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by Checkers
© Checkers -- all rights reserved

She turned her head, the only way she could look around as her eyes were now completely stationary on top of her head. She couldn't see too well anyway; according to what her father had read to her, it was lucky she had eyes at all. Her sister was a vaguely pinkish blob with brown on top, some grey-blue 'round the bottom, and waving pink noodles that Mary knew were arms. Not that she could see them properly anymore.

Most of her family seemed to hate the way she looked at them, though maybe they were more unsettled by the way sunlight gleamed off of the hard keratin surfaces of her head and body; or the fact that her once-normal body now had over two hundred spiny, hair-tipped legs; maybe they were more put off by the way that her multi-segmented body coiled around, over two meters of hard-shelled joints and legs and pincers. She was just damn lucky she could still talk with her stiff mouth parts and clicking mandibles, the fact that she had trouble with vowels nothing next to the fact that she could still prove that she had a mind.

“Uhm, Mary,” her sister said, in the same nervous tone that had plagued her voice for the last three months, “Do you, uhm, need anything?”

Mary shook her head before realising the gesture meant little now; “Not,” she managed to sound out slowly in her rasping click of a voice. “Itt's lright. Eat soon?”

“There's still that fox in the fridge,” her sister said, “that Dad found by the side of the road, you know. It's kinda – uhm, I don't know, it's getting kinda grody so you should probably eat that pretty soon.”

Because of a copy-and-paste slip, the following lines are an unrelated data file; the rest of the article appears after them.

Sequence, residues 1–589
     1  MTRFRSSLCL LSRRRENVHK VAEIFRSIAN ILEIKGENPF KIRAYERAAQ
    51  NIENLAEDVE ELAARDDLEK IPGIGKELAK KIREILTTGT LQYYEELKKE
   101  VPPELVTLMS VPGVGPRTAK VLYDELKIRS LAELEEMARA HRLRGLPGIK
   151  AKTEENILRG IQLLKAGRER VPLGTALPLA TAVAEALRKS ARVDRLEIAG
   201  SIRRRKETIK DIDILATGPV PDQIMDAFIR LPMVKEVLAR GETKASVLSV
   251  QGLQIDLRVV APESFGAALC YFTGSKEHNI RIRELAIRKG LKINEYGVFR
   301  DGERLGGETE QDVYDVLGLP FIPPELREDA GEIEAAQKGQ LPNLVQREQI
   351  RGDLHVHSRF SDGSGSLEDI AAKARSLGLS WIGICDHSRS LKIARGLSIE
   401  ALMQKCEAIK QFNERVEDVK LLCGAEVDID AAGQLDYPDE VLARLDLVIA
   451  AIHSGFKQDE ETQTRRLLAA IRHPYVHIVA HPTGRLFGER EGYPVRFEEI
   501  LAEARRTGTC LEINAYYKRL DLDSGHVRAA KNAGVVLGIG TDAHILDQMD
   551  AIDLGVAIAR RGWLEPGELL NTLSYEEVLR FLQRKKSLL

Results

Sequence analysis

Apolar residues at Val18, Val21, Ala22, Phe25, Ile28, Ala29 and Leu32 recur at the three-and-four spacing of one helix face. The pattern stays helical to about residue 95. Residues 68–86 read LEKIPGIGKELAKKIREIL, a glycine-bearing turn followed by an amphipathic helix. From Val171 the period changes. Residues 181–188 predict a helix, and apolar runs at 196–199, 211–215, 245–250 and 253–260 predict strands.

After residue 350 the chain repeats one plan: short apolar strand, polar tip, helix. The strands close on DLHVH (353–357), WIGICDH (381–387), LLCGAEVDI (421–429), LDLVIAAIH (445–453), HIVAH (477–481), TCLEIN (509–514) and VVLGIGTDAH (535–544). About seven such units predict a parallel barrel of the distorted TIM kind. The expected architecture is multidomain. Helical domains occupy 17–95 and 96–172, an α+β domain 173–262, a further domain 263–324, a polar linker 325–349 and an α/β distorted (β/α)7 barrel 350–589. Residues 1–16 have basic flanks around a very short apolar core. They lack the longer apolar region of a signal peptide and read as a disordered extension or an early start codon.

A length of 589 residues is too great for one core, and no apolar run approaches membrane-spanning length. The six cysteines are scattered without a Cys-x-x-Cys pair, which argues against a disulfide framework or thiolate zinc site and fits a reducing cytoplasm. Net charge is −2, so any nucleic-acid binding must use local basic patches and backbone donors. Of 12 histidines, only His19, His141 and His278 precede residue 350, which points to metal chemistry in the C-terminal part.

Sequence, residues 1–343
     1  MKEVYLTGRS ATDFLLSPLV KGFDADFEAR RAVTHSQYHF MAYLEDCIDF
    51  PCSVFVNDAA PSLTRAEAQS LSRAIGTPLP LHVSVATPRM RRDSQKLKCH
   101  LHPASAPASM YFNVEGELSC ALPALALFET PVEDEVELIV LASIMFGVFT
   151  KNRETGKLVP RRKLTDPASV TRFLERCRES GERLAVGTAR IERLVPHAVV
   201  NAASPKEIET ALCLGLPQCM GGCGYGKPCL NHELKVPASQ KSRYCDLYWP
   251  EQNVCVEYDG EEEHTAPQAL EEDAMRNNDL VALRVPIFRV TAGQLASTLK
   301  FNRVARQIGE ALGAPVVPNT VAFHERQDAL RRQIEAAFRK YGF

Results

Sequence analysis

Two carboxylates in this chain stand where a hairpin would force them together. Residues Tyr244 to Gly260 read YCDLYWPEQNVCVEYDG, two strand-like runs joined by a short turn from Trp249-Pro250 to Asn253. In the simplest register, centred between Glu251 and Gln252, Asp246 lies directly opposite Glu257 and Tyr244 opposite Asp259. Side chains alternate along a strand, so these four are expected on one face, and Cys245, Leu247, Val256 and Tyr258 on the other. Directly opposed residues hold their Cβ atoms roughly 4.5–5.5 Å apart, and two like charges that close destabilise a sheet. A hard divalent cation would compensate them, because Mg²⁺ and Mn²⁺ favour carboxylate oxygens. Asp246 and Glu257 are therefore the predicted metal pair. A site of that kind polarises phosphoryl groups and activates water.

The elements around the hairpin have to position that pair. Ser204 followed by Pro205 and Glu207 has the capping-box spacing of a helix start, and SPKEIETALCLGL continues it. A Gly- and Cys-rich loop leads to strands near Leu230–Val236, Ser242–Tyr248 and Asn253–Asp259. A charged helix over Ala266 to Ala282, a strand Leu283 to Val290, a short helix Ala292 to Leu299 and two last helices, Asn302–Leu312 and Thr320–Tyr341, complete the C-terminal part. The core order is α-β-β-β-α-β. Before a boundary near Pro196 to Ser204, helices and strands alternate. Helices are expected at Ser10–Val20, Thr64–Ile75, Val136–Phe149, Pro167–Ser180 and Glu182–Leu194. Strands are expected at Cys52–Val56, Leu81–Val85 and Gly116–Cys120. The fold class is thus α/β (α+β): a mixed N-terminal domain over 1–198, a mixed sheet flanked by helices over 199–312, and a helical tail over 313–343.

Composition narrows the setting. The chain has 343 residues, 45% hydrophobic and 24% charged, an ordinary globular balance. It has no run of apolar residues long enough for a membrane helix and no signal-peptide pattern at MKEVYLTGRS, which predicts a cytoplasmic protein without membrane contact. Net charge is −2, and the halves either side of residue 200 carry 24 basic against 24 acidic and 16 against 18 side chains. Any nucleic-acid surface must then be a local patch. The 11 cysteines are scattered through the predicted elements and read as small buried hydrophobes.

“Can't,” Mary clicked, wishing she could still sigh. “Can't op'ning 't.”


“Claws.” Mary waved one of her first set of legs, trying to figure out how to remind her sister that she wasn't too able to open doors anymore – she didn't have anything resembling the maual dexterity. When the situation was dire she could occasionally get a leg wedged into the refrigerator door's handle to pull it open, but it required some awkward manuevering and was only successful if she was lucky.

“Huh? Oh, oh, right, can't open the fridge anymore. God, you're so ... I, uh – so you – when do you want that?”

Mary tapped one leg against the ground a few times as she thought. “F'fteen min'ts?”

“Wait. You want me to get – ew, god! You can wait until Dad's home, right? Ew, oh my god, ew. Ew. I can't even – oh my god, I hate this. You're so ... ewwww, why couldn't you have turned into something normal? I mean, I know the Flu's a problem and anybody can get it and it's not your fault but – people are supposed to turn into foxes and wolves and nice animals, not ... stupid things like centipedes or whatever you are. Oh my god. I hate it. I hate you. Why couldn't you have turned into something cool?”

Mary let out a low whirring sound, coiling her body into a ball on the ground. She wasn't fond of her new form either, but it wasn't as if she'd had a choice in the matter.

“God,” her sister went on. “I mean, we're supposed to treat you like you're still normal. You can't even finish a sentence! I mean, you're practically retarded now. Why does Dad have to be so nice to you? I mean, if I was him, I would have, like, turned you over to a shelter or something. Do they have those? I don't know.”